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This is the most common question asked of those individuals whose diet is whole-food plant-based.
Consider leafy plants. Some examples of (dry weight) caloric composition follows (from NutritionData.com):
- kale: 16% protein; 12% fat; 72% carbohydrates
- beet greens: 25 % protein; 5 % fat; 70% carbohydrates
- spinach: 30% protein; 14% fat; 56% carbohydrates
compare this with:
- bacon: 11% protein; 89% fat; 0 % carbohydrate
- beef: 27% protein; 73% fat; 0 % carbohydrate
- Big Mac: 18% protein; 52% fat; 30% carbohydrate
Example herbivore getting his protein:
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“How does it taste?”
“It tastes nutritious.”
This is a question and answer often heard in our household.
First allow me to introduce my garden. Here is a picture of half of it. As seen, I primarily grow green leafy vegetables that can be continuously harvested all spring, summer, and early fall. The beet greens in the foreground are harvested even before the beets themselves.
Much of what we grow we start from seeds. I use heritage seeds from Baker Creek Heirloom Seed Company located close to our ranch in Mansfield, Missouri (home of “Little House on the Prairie” Laura Ingals Wilder).
The first ingredient from the garden is kale. I weighted each ingredient so as to provide a precise nutrition summary. Here is the scale weighting a portion of the kale, 17 grams worth.
The total amount of kale used,130 grams, is shown here in the mortar. On the top is before crushing and the right, after exactly 5 minutes of crushing. You can see that the volume is decreased considerably and the tough leaves become a paste.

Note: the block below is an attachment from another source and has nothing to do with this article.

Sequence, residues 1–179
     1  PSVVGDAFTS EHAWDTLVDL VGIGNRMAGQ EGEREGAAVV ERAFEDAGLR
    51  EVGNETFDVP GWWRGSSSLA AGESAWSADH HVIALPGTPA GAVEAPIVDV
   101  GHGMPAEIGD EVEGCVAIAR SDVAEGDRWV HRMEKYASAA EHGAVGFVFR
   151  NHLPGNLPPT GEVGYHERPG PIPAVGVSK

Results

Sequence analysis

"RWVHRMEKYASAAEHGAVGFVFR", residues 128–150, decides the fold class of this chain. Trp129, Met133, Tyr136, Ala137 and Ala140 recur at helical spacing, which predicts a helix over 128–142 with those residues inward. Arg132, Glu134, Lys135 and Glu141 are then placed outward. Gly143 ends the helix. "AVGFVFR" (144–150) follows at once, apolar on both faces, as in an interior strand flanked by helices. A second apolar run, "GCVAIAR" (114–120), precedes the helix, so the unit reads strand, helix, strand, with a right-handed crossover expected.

Next are shown the following leafy green ingredients from our garden, top to bottom; greens from the heritage beet plant “Early Wonder”, pre-1811, 41 gm; arugula, 25 gm; basil 26 gm; and dandelion 12 gm. The greens are from a single dandelion plant that was growing in a flower pot with Missouri Primrose. Our lawn service apparently “conditioned” our lawn to “de-weed” from this fantastic plant.
Also added to the mortar were garlic cloves, 16 gm; flaxseeds, 4 g; freshly crushed black pepper, 0.5 gm; and a slice of lemon with peel, 23 gm.
These ingredients were crushed for about 7 minutes. To this freshly sprouted buckwheat, 64 gm, was added. The mixture at this stage is shown here.
Organically grown black beans were soaked in water overnight to begin the sprouting process, then slowly cooked the next day. Here is shown about one and a half cups, 245 gm.
This recipe provides two servings , one shown here:
The total weight of this combination of food is 592.5 gm; results in 648.2 calories. The breakdown in calories are:
- carbohydrates: 71%
- protein: 19%
- fat: 10%
This is approximately the ideal caloric distribution for a vegan diet; it is a little higher in protein because of the black beans. There is 31.8 gm of fiber, 3.0 gm omega-3 and 1.7 gm omega-6.
However, most importantly, it is very rich in phytonutrients.
How does it taste?
I knew you were thinking this. I fully expected it to take “nutritious”. I asked my son, who is more critical than I concerning food taste, to try the first bite. His summary: “delicious”.